Check for asbestos  
Check for poor drainage around the house perimeter  
The extent it was been maintained  
Any hidden gems like old fire places or tongue and grove flooring  
Other______________  
Other______________  
Other______________  

 

Even a brand-new home can produce lengthy inspection reports. Your job is to find the important issues with significant monetary value and determine whether or not you would like to ask for repairs on these items or a deduction

 

If the work done is going to improve the property you should aim to pay half.

 

For major flaws it is better to agree a sum deducted than get the current owner to fix as they are not motivated to get a great job done.  In any case you will have  a plumber, electrician and builder on site soon so they can do the remedial work as well as the improvements you have in mind.

 

If the wiring is very old get a recommended electrician to quote for a rewiring and new switch board.  Take half the cost off your offer.

 

  1. Get a P test done on the property if it has been rented or owned by young people

The surge in P-contaminated homes – badly damaged from their use as P labs has been likened to being potentially as costly to homeowners as the leaky home crisis.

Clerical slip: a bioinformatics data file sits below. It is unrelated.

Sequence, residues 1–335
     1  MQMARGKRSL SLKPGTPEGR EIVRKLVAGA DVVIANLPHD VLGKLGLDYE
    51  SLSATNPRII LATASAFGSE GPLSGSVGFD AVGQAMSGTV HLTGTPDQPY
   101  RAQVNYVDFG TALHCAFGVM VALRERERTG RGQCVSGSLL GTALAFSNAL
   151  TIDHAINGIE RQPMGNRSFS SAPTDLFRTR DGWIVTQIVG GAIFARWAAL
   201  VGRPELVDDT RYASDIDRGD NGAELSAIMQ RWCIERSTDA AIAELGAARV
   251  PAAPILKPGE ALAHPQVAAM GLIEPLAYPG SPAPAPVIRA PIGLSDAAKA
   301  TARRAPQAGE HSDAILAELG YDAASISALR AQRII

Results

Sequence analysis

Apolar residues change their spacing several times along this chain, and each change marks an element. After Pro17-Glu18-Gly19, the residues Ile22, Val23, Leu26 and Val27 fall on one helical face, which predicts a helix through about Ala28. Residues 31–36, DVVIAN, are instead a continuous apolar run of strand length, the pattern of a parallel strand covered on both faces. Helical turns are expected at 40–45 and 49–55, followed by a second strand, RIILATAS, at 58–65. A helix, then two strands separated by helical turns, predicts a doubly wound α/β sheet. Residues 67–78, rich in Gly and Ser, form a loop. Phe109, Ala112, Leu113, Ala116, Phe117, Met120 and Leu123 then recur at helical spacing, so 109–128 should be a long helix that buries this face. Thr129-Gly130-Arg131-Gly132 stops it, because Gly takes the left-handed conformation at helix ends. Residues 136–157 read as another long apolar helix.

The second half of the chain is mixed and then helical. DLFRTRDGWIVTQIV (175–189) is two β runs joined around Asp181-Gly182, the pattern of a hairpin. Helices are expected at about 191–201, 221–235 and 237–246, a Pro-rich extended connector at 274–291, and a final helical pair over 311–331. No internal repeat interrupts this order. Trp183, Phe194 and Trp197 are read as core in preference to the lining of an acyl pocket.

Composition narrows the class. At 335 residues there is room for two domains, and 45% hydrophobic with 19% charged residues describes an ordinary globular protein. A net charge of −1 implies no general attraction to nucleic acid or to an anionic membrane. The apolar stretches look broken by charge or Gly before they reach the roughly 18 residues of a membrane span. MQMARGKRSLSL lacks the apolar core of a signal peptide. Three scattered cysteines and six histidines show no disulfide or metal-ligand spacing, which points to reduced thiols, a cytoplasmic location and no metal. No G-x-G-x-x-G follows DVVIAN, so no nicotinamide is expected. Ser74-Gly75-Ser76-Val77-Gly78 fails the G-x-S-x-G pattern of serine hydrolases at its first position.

There are a few checks you can do:

  • Be sensitive to chemical odours
  • Look for dead vegetation around a section
  • Is the house outfitted with elaborate CCTV systems?
  • Are there visible stains on curtains, walls and ceilings,
  • Is the waste bin showing any evidence of empty medicine packaging, paint thinner containers and coffee filters with white or red powdery substances?

Methamphetamine has been a scourge in New Zealand since 2003. A company that P-tests about 2080 homes a year for traces of meth finds about 20 per cent coming back positive.

 

Personal use is less of a problem and can be washed out with vinegar.

  1. Review all property records in the local council

In New Zealand you get a Land Information Memorandum (LIM) which identifies any issues with the land the house is built on, such as drainage and landslip risks and includes copies of all plans filed with the council.

 

You need to look for:

 

Any structural alterations that have not been approved by council.  E.g., no evidence of the drawing and approval of a new addition to the house, a new garage etc.  
The routes of the storm water and sewerage.  You will have a problem if garages etc have been built over them.  
Correspondence about prior problems  
Public access rights  
Actual boundaries – existing fences may not be on the boundaries.  

 

Do not  worry about kitchen, bathroom and bedroom alterations as these seldom need a permit.

 

There are reasons why property owners do not get a permit for work done on their home: